Try to include this healthy practice into your weekly routines.

Let’s Begin With the End in Mind

Welcome to Ryli Institute’s inaugural blog post!

I know there are many different reasons you are here and seeking information in the holistic world of wellness.  Whether it is to find answers to health questions for yourself, a friend or a loved one, you are likely not finding all of your solutions in the world of western medicine.

I have spent the better part of the last 3 decades in search of truths in order to manage my health in the best way possible.  My journey had an unusual source of inspiration.  My dad had his first heart attack at the age of 36, and died from his second heart attack at the age of 37.  Both of my husband’s parents died at young ages from cancer.  When our daughter was born, we were both concerned about what our families’ health histories would mean for our daughter’s future.  It was during these early years of her life that I began dedicating a large portion of my time and energy to study every aspect of holistic health I could devour.  It is my deepest passion to discover the truths about how to stay healthy in our modern day world and to share what I have learned with others.

The title to this blog post may strike you as a strange concept.  Here’s what I invite you to imagine:  What do you envision as the end to your story on this planet?  We will all have a conclusion to our life someday.  If you were writing the script of your life, how would it end?  Take a moment to imagine this scenario.  Would you slip away quietly and peacefully in your sleep?  Would you be surrounded by loved ones?  It’s not a topic we like to spend time thinking about much.  But I am challenging you to step out of your comfort zone for a moment and consider the possibilities.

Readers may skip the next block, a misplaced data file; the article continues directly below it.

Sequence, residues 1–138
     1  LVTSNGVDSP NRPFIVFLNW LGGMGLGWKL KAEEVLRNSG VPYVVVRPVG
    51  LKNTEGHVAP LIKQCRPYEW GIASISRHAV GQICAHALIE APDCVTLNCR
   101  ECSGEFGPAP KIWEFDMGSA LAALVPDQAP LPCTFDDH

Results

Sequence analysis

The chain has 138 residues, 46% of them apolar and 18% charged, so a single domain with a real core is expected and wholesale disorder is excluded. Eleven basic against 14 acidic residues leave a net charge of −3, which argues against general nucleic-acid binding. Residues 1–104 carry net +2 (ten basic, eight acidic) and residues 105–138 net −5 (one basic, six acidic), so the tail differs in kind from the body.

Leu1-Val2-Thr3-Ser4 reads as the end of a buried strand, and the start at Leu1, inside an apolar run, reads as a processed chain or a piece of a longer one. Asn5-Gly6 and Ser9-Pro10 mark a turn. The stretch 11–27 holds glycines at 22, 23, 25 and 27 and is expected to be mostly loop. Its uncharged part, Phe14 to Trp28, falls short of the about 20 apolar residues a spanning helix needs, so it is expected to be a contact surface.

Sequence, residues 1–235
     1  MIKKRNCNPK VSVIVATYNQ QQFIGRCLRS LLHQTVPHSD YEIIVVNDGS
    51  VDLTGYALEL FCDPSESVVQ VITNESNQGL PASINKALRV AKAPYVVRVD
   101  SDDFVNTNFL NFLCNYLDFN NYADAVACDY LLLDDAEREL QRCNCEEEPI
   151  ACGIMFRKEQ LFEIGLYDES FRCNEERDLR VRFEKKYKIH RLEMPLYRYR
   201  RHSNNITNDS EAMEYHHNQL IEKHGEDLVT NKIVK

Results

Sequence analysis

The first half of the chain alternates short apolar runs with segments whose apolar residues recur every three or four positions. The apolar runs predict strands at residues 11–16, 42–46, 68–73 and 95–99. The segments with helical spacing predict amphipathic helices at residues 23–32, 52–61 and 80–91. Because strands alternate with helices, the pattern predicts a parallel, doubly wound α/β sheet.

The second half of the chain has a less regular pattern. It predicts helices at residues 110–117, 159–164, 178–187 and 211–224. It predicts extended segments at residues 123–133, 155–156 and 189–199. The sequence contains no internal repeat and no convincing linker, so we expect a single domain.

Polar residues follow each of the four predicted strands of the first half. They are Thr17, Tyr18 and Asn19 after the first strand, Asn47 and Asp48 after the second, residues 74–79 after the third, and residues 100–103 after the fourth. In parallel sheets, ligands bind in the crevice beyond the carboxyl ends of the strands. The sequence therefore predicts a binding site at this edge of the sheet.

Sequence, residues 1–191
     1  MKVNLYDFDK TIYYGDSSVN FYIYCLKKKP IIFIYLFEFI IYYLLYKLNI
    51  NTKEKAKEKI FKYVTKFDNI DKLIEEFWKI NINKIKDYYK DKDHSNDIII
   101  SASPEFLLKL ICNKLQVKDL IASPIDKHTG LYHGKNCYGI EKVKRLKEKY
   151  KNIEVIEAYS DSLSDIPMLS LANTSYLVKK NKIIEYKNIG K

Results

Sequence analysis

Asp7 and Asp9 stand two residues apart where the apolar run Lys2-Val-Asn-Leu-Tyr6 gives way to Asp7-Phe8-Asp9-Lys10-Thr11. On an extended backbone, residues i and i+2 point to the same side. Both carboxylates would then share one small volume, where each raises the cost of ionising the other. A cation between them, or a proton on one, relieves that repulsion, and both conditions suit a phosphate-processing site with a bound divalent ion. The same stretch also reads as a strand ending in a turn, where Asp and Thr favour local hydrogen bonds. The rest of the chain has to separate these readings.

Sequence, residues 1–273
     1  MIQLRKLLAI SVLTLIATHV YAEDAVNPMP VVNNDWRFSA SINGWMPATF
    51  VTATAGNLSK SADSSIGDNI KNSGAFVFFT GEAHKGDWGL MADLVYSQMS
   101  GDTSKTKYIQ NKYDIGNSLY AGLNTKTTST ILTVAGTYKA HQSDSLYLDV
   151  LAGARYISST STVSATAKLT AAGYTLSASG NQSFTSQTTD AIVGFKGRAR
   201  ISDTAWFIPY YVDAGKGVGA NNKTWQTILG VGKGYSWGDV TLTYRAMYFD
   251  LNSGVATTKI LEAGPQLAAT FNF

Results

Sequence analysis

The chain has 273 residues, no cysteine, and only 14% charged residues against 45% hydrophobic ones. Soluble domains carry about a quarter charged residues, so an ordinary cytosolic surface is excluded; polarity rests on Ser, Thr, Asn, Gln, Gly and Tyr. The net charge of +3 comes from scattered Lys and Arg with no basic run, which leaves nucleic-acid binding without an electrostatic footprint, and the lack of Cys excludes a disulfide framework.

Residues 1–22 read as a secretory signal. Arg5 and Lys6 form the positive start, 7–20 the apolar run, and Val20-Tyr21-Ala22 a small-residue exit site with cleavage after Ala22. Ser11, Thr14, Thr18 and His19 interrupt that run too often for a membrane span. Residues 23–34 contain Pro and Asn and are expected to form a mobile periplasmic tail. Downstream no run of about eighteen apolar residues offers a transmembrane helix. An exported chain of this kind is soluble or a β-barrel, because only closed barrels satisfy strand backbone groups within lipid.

Here is the interesting dichotomy – When we are bringing a new life into this world, there is much planning and preparation that ensues.  We take new parenting classes, read lots of books about pregnancies, child birth and care of a newborn.  We may hire a doula to support us on this journey.  We quiz other parents to gather their best points of wisdom on this topic.  We discuss with our partner what our key philosophies and moral beliefs are about raising children.  In short, we devote a tremendous amount of time and energy in planning for this momentous occasion.

On the flip side, because it is uncomfortable to think about, most people spend very little time and energy planning for the end of their life.  Most believe that it is something that is out of their control, and therefore it is not to be dwelled upon.  While it is true that there are some freak accidents that can occur regardless of your health, I would contend that the majority of deaths could be scripted another way.

I have sat by the bedsides of people who have lost their touch of reality with the world due to dementia or Alzheimer’s, and those who have been losing their long and painful battle with cancer.  I have witnessed their decline and the loss of independence and dignity that usually accompanies these passages.  I would like to write a different ending for myself.  I believe that is possible.

Just like we plan and prepare for our children’s births, I believe we can plan and prepare our mental and physical health to carry us through life in a positive and supportive way.  It takes education, lifestyle changes, and a rearranging of priorities.  You are worth it!  In the blog posts to come, we will delve deeper into the concepts of what you can do to write a better ending to your story than those you may have witnessed within your own circle of relationships.  It is the best gift you can give to yourself and to your loved ones.  I invite you to join me on this journey to mindful living!

Laura Gordon is a certified life and wellness coach a member of the Medical Medium Practitioner Support Service. She is not a physician and is not trained in any way to provide medical diagnosis, medical treatment, psychotherapy, or any other type of medical advice.